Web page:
After leaving my home in Florence for a week over spring break, I returned with a feeling that I was returning home. I came back, unpacked my suitcase, and returned to my daily routines. I felt comfortable and familiar being in the place I had left for a week. I knew where everything was in the apartment and had a set schedule. The familiarity and the comfortableness created the sense of home. I wasn’t expected to do anything upon arrival, I could simply just be. That’s what I think everyone should be able to feel in there home, like themselves and relieved.

Roommates doing what they have to in order to feel at home.

Twelve Travel

When you hear the number 12, what do you think? Probably not much because it’s only a number and not very insightful. But if you were told to use the number 12 to compose a travel plan, how many different ways do you think you could incorporate it? I used this idea of weaving 12 into every part of the day when approaching my experimental tourism assignment in which I chose the topic of twelve travel. The book The Lonely Planet Guide to Experimental Travel gave suggestions such as taking a train that left at 12:12 or buying a ticket for 12 euros to see where it takes you. I took on this challenge and this is the story:

Date: March 13th (I missed the 12th by one day)

Time: 9:00 AM-9:00 PM

Location: Florence, Italy

Mission: Accomplish 12 tasks in 12 hours

Status: Complete

Before starting the assignment, I planned everything. On a sheet of paper, I scribbled the numbers one through twelve leaving spaces for the activities I would do around Florence. One at a time, the ideas came rolling in. First, I would go on a 12 mile run, next eat lunch at the rooftop café overlooking the Piazza de Republica, then walk through the Medici Palace, and so on. Here is the complete list:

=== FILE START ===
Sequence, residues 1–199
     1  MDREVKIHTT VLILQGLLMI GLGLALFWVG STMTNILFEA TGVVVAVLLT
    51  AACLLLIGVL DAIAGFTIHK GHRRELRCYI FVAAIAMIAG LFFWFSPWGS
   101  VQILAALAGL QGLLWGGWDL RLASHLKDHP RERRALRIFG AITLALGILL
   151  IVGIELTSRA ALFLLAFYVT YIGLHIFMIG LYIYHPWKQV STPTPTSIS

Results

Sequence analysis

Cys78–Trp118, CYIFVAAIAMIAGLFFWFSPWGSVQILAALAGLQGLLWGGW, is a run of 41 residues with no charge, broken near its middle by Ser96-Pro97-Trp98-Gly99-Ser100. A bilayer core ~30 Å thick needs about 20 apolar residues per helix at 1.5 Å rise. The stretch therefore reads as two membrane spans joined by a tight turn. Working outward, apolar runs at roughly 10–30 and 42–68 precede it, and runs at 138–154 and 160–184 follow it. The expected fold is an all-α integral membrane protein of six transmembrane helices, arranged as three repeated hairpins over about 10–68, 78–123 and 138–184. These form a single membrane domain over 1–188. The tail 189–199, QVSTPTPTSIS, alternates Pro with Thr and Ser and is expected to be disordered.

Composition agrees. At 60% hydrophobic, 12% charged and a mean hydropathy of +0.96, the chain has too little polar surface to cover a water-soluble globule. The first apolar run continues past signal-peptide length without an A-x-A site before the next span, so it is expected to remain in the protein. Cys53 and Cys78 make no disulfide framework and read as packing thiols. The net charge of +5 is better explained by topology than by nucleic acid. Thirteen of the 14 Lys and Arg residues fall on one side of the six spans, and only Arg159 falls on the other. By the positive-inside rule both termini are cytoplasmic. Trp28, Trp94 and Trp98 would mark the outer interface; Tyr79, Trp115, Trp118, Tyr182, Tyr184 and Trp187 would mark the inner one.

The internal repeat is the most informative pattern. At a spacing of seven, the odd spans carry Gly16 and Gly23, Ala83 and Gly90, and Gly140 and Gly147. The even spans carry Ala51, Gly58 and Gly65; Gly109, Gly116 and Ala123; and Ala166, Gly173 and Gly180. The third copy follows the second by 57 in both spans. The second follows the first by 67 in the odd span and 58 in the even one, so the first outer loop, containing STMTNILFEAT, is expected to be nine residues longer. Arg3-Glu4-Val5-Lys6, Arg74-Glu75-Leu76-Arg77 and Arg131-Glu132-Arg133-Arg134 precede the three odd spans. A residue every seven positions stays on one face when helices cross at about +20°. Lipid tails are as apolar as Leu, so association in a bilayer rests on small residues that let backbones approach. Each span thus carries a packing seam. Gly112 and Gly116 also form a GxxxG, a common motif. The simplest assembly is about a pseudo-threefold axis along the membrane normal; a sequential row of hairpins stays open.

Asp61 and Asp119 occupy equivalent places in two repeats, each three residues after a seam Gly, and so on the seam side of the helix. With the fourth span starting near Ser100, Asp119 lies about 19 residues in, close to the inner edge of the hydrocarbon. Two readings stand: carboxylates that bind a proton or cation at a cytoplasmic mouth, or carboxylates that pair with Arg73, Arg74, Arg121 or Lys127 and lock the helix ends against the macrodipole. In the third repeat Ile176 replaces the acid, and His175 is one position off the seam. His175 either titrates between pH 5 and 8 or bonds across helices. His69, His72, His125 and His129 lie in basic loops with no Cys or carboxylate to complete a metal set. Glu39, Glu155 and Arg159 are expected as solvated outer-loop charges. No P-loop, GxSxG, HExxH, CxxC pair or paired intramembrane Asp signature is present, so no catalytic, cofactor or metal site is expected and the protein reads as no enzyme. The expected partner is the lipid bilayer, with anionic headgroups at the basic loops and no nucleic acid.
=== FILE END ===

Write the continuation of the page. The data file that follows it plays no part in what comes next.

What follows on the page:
• 12 mile run
  • Boboli gardens
  • Lunch at Piazza de Republica
  • Medici Palace
  • Public library
  • Shopping
  • Fiesole
  • Bargello
  • Santa Maria Novella
  • Dinner at nicer restaurant
  • Grocery shopping at Conad
  • Gelato

I also added some rules to the day:

  • use 12 Italian words: allora, bella, rosso, cane, cibo, etc.
  • take only 12 bites or sips when eating a meal
  • take 12 pictures

Directions for run

Carousel ride

Carousel ride

Rooftop Café

Rooftop Café

The food

The food

Medici Chapel

Medici Chapel

Medici Palace

Medici Palace

Outside the Medici Palace

Outside the Medici Palace

More banners outside the Medici Palace

More banners outside the Medici Palace

Skateboarders near Santa Maria Novella

Skateboarders near Santa Maria Novella

Spotted Spiderman while shopping

Spotted Spiderman while shopping



The rainbow of macaroons

The rainbow of macaroons

Throughout the day, this list had to be modified. Carolyn, my roommate who joined me on several of these activites, and I nixed the Boboli gardens and Fiesole, a nearby town, knowing that we would get to these places on a later date when we could allow ourselves more time. To fill these gaps in the schedule, we rode the merry-go-round in the Piazza de Republica and stopped in a dainty macaroon shop. These were both spur of the moment ideas, but some of my favorite parts of the day. When we found the doors of the Bargello, we also discovered that it was closed on Fridays. Therefore, we filled the time by watching teenage skateboarders attempt to put on a show in front of Santa Maria Novella.

The fact that the unplanned parts of my day were the best reminds me of the uncontrollable ways of life. From the experience, I was shown by the universe that plans don’t always go as expected. This is not a new concept, for I have been told and have experienced this time and time again. I believe this is a message I need to keep in mind especially at this point in my life. So often I find myself stressing over future plans of college graduation, living arrangements, or graduate school. Not to say, forget planning, but I think everybody, myself included, needs to keep in the back of their minds that plans or outcomes change in order to better adapt to the current situation. Though it might not be what you expected, it can often turn out to be even better.

A plan to stick with